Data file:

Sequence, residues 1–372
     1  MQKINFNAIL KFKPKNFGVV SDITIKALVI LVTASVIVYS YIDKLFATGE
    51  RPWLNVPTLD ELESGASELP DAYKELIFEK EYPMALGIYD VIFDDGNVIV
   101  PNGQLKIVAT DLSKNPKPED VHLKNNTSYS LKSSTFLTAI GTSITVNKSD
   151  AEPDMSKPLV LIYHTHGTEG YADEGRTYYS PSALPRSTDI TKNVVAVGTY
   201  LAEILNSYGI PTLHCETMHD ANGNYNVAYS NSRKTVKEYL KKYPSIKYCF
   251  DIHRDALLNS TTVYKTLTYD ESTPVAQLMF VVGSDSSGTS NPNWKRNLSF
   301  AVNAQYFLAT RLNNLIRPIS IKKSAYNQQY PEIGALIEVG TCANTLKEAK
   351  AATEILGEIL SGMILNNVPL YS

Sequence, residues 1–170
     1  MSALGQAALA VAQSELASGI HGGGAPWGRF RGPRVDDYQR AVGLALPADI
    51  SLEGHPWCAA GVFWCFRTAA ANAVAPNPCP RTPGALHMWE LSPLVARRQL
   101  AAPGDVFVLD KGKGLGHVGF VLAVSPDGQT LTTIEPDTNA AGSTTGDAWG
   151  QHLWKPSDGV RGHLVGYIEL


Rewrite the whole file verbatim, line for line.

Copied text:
Sequence, residues 1–372
     1  MQKINFNAIL KFKPKNFGVV SDITIKALVI LVTASVIVYS YIDKLFATGE
    51  RPWLNVPTLD ELESGASELP DAYKELIFEK EYPMALGIYD VIFDDGNVIV
   101  PNGQLKIVAT DLSKNPKPED VHLKNNTSYS LKSSTFLTAI GTSITVNKSD
   151  AEPDMSKPLV LIYHTHGTEG YADEGRTYYS PSALPRSTDI TKNVVAVGTY
   201  LAEILNSYGI PTLHCETMHD ANGNYNVAYS NSRKTVKEYL KKYPSIKYCF
   251  DIHRDALLNS TTVYKTLTYD ESTPVAQLMF VVGSDSSGTS NPNWKRNLSF
   301  AVNAQYFLAT RLNNLIRPIS IKKSAYNQQY PEIGALIEVG TCANTLKEAK
   351  AATEILGEIL SGMILNNVPL YS

Sequence, residues 1–170
     1  MSALGQAALA VAQSELASGI HGGGAPWGRF RGPRVDDYQR AVGLALPADI
    51  SLEGHPWCAA GVFWCFRTAA ANAVAPNPCP RTPGALHMWE LSPLVARRQL
   101  AAPGDVFVLD KGKGLGHVGF VLAVSPDGQT LTTIEPDTNA AGSTTGDAWG
   151  QHLWKPSDGV RGHLVGYIEL